There are two types of insurance fraud: hard fraud, which occurs when someone deliberately fakes an accident, injury, theft, arson, or other loss to collect money illegally from insurance companies; or soft fraud, in which normally honest people often tell “little white lies” to their insurance company to file or maximize a claim.

Data mining can be used to identify patterns of insurance fraud by looking for claims that are out of the ordinary, such as claims that are made for injuries that are not consistent with the reported accident.

Bank fraud

Bank fraud encompasses various fraudulent activities: from wire fraud to credential stealing to account takeover fraud. Data mining can be used to identify patterns of bank fraud by looking for transactions that are out of the ordinary, such as large withdrawals made from accounts that do not typically have a lot of activity. It can also be used to reduce the risk of investment fraud, such as large purchases of stocks that are not well-known or that are not expected to perform well.

Healthcare fraud

Data mining algorithms can analyze medical records, billing data, and patient profiles to identify unusual patterns or outliers. With these datasets, data mining is able to identify patterns of healthcare fraud by looking for claims that are out of the ordinary. This can include claims that are made for services that were not actually provided or claims that are made for services that are not covered by insurance.

Common data mining techniques and tools for fraud detection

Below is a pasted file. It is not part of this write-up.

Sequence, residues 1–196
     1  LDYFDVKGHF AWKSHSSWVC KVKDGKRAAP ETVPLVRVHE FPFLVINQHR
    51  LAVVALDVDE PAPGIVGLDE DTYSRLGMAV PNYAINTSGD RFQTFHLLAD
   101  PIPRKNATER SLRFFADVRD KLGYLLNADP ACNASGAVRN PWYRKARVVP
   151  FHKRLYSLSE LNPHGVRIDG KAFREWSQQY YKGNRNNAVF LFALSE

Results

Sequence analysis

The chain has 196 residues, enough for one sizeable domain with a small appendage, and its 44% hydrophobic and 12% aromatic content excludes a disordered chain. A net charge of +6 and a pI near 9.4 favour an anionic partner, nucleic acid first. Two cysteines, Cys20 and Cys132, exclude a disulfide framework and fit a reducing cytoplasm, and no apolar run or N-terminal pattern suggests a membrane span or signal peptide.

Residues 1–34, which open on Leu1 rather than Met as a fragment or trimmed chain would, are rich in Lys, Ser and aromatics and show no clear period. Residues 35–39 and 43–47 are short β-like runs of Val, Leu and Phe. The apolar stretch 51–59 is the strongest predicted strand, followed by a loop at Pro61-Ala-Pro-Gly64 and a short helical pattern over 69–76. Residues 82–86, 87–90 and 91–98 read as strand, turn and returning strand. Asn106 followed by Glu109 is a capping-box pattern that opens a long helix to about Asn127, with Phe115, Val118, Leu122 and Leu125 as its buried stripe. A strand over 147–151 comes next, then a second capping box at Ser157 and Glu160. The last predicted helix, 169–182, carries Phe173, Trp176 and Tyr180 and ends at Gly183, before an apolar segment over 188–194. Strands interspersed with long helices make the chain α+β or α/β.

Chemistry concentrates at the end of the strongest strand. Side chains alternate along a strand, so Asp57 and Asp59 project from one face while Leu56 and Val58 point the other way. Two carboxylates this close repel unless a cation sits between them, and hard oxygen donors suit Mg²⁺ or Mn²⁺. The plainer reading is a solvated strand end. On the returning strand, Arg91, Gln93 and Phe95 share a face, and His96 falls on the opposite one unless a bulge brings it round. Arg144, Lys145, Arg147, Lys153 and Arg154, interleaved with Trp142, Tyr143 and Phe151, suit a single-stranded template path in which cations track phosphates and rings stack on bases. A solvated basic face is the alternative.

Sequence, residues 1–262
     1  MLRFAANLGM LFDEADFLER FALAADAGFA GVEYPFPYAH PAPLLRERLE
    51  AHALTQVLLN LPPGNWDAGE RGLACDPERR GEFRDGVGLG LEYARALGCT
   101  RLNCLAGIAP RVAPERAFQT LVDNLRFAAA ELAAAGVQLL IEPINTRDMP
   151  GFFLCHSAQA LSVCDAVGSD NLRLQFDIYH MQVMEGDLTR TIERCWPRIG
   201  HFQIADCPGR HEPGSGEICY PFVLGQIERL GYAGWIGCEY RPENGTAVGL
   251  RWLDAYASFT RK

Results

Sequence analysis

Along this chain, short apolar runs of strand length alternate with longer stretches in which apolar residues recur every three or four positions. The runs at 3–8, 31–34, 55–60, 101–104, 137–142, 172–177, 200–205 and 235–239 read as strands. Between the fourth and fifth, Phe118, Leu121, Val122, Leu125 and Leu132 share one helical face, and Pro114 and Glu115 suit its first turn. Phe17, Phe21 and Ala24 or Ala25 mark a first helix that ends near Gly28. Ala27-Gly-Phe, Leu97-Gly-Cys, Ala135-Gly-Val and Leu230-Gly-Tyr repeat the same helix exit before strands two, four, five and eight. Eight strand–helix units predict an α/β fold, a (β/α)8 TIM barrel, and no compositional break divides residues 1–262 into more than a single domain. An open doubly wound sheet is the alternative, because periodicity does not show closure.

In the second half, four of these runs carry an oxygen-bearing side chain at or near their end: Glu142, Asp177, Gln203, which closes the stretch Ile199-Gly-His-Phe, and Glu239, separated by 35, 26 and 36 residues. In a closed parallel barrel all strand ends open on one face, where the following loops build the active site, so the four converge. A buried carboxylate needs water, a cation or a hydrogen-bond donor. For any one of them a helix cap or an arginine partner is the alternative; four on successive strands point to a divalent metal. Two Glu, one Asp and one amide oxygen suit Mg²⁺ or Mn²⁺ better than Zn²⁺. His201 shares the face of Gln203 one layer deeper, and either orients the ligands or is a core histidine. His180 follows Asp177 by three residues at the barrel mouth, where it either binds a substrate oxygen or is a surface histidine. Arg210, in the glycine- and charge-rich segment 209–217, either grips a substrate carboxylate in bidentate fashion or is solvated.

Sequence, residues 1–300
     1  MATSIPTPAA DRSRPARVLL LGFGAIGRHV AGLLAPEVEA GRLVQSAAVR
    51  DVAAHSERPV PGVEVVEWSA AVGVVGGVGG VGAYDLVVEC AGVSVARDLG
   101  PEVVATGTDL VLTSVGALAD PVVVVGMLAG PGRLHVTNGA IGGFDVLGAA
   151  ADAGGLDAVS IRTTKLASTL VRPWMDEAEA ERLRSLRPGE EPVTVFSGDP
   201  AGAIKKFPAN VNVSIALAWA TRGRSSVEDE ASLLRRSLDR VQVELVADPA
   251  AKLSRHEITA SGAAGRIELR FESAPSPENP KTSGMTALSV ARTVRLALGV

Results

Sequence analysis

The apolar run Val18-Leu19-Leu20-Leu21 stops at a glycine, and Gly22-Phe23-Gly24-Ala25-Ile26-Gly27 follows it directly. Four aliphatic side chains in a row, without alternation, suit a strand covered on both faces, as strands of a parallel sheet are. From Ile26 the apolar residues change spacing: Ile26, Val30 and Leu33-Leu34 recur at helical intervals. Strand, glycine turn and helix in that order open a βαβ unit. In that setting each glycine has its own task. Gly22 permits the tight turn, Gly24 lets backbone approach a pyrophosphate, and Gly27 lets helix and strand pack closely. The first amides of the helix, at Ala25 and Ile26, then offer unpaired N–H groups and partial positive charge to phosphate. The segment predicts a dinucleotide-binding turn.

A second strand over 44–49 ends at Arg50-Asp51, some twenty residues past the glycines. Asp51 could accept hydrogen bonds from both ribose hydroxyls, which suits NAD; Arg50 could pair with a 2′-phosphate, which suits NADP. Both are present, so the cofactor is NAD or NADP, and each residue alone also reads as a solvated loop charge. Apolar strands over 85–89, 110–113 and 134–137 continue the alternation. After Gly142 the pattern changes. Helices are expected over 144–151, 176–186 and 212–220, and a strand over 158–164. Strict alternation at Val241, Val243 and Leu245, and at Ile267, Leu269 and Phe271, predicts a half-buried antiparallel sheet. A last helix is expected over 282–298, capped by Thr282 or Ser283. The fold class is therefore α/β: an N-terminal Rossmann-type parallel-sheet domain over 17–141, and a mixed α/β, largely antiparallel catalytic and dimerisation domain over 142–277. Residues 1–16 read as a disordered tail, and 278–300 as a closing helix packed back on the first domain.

Fraud detection in data mining uses a few core techniques to uncover potential instances of fraud. 

  • Decision trees: A decision tree uses a type of supervised learning algorithm to classify data. Decision trees build models to identify patterns of fraudulent behavior.
  • Neural networks: These machine learning algorithms can be used to learn complex patterns in data, as well as to build models that identify patterns that are not easily identified by other techniques.
  • Association rule mining: This technique can find patterns of co-occurrence in data and build models that identify patterns of fraudulent behavior that are often associated with each other.
  • Support vector machines (SVMs): Like decision trees, SVMs are a type of supervised learning algorithm that can be used to classify data. SVMs are particularly good at identifying patterns that are not linearly separable.
  • Logistic regression: This type of supervised learning algorithm can predict the probability of an event occurring. It’s used to build models that predict the probability of a transaction being fraudulent.

These techniques are incredibly useful for detecting fraud, especially compared to manual methods. However, data mining is not a perfect solution. Online criminals are constantly evolving their techniques, and institutions must constantly revisit their data mining models to ensure they are up-to-date. 

Additionally, data mining can only identify patterns of fraudulent behavior. You must have a human review of the results of data mining to ensure that any potential fraud cases are investigated thoroughly.

How can help?

The unified data platform at allows companies to connect their disparate, siloed data, append to our network data to give it context and run the datasets through machine and deep learning algorithms to give it actionable and automatable paths forward.

Our Collective Intelligence Network is the largest global anti-fraud consortium and platform-as-a-service for enterprises across industries, especially those vulnerable to financial fraud. Through collaboration, big data, and advanced AI, we enable our members to identify and stop fraud attempts long before they have to experience a loss.

The platform is designed for fast-growing digital leaders. Integrate quickly, test aggressively, and reap the rewards of continuous improvement. 

Find out more about’s data mining tools and help your business lower the risk of fraud. Get in touch with us today for a free demo.